There is, I suppose, a Heraclitian aspect to our film because nothing is fixed in the outback. The petroglyphs weather and the granite grows its rinds of colorful lichen, the courses of creeks and rivers change in drought or in flood, wildfire scorches the sage and forests alike. The horses and cattle most certainly change, and so too do the people change, adapting to time and circumstance to meet the challenges of the wider cultural evolution, markets, and technology.
But there is also a reassuring human constant at the heart of the stories we are trying to tell. A steadfastness in the values that animate the dreams, desires, and daily conduct of the people who invited us into their lives. “Faith,” as John Langmore expresses in his terrific interview, “…in the Almighty, and in whatever form that takes for you,” is a centering concept and a guiding force in all of the people we were privileged to interview. And while that faith isn’t worn on the sleeve it is a constant and reassuring guide to the people who practice it. Family too is at the heart of our film, where that devotion informs every decision because the imperative is on raising children strong enough to carry the values of their people forward into a hard and cynical world that seems now only to deride them. And of course great friends, the kind that will drop everything to lend a hand in times of need, are valued as the greatest storehouse of treasures – the result of a life well lived.
And I’ve come to see the final value – community – as something other than just an ingredient in the recipe. I think now that community is the result of combining those values — faith, family, and friends — and of taking great care in how those ingredients are combined and nurtured in the flame. I think of Jan Murphy from the Murphy Ranch, who has helped keep the Murphy Ranch a legacy for her grandchildren, but who works tirelessly in Paisley to help those in need. And of Victoria Jackson, who is a ferocious advocate for the rights of Native Americans and who has somehow managed to arrive at that place without being consumed by bitterness. These are better people than I am, frankly, and I admire them.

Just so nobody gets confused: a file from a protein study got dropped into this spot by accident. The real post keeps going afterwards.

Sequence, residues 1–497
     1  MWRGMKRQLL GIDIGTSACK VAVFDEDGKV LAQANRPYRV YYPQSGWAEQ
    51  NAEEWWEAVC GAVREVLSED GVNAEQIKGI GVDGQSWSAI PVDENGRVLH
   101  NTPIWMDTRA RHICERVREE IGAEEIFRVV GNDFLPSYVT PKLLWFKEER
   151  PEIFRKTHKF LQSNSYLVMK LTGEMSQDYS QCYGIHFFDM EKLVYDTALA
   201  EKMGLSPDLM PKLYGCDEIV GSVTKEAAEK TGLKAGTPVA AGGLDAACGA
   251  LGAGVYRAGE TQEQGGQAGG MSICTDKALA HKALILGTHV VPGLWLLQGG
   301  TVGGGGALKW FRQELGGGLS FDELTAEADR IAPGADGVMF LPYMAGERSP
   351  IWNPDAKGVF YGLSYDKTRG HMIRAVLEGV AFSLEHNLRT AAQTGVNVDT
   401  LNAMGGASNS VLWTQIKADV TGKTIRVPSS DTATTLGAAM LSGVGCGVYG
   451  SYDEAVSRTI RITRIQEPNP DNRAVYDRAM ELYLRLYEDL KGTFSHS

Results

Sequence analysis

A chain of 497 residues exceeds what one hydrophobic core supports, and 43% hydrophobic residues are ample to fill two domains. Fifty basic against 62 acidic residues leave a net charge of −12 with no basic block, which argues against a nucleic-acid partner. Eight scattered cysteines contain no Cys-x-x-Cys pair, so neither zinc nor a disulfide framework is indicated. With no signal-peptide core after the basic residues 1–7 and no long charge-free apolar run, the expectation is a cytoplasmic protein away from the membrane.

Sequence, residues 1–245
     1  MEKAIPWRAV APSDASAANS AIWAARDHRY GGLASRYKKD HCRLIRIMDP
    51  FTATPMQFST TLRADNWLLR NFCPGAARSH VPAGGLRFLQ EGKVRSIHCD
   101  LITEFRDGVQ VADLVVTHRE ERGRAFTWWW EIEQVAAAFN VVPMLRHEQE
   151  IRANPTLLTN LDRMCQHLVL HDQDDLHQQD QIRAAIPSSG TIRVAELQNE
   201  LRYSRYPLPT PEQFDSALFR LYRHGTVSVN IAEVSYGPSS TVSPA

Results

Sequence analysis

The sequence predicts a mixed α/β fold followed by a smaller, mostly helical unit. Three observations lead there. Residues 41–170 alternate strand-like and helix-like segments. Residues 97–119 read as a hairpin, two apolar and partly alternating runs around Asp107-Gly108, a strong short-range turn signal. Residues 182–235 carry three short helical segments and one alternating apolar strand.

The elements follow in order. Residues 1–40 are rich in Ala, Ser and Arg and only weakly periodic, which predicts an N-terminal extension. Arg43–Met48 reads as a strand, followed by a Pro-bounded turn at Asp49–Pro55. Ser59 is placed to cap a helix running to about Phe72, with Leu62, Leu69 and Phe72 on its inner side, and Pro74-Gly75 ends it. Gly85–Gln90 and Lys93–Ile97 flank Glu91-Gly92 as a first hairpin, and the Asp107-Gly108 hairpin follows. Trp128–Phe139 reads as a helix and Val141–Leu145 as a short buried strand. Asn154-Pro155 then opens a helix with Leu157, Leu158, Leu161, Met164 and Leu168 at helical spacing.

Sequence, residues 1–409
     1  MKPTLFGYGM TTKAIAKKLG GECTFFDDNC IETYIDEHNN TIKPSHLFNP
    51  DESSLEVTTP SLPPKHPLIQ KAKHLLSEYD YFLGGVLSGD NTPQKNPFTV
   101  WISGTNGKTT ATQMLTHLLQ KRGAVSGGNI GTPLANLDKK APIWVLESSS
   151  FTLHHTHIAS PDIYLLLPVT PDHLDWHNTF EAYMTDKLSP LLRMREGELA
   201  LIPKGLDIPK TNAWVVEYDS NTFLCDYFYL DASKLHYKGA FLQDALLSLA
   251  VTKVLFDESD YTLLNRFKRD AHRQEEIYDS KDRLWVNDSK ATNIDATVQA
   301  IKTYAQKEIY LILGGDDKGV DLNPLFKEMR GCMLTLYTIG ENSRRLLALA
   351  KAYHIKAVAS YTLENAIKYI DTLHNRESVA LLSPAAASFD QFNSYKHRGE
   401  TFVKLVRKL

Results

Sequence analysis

And I think also that the landscape, that tremendous American Outback, which is most certainly a central character in our film, is the perfectly seasoned cast-iron pan where all of that great cooking is done.
I don’t know if any work is ever truly finished. Years ago, at a dinner table with the novelist and screenwriter Thomas McGuane, and some of the other graduate students in our writing program, McGuane mentioned that “at some point you just have to walk away.” He noted that he hated book tours because by the end of the tour all he could see in his own work was the mistakes he had made. I feel some hard sense of that now, and truthfully it gnaws.
But I knew that going into it. And so we begin our film with a quote from Barry Lopez. He wrote that the perceptions of any people are like pieces of damp paper scattered across the landscape, hung up in the brush, to be collected and deciphered, and that “no one can tell the whole story.” We have certainly not told the whole story. But we have told some of it, in the best way we knew how to do it, and we hope that it in some way what we have collected and deciphered will serve its highest function, which is as a window into that life on the Outside Circle, and to acknowledge and to honor, and in fact to love, and love deeply, the people who ride it.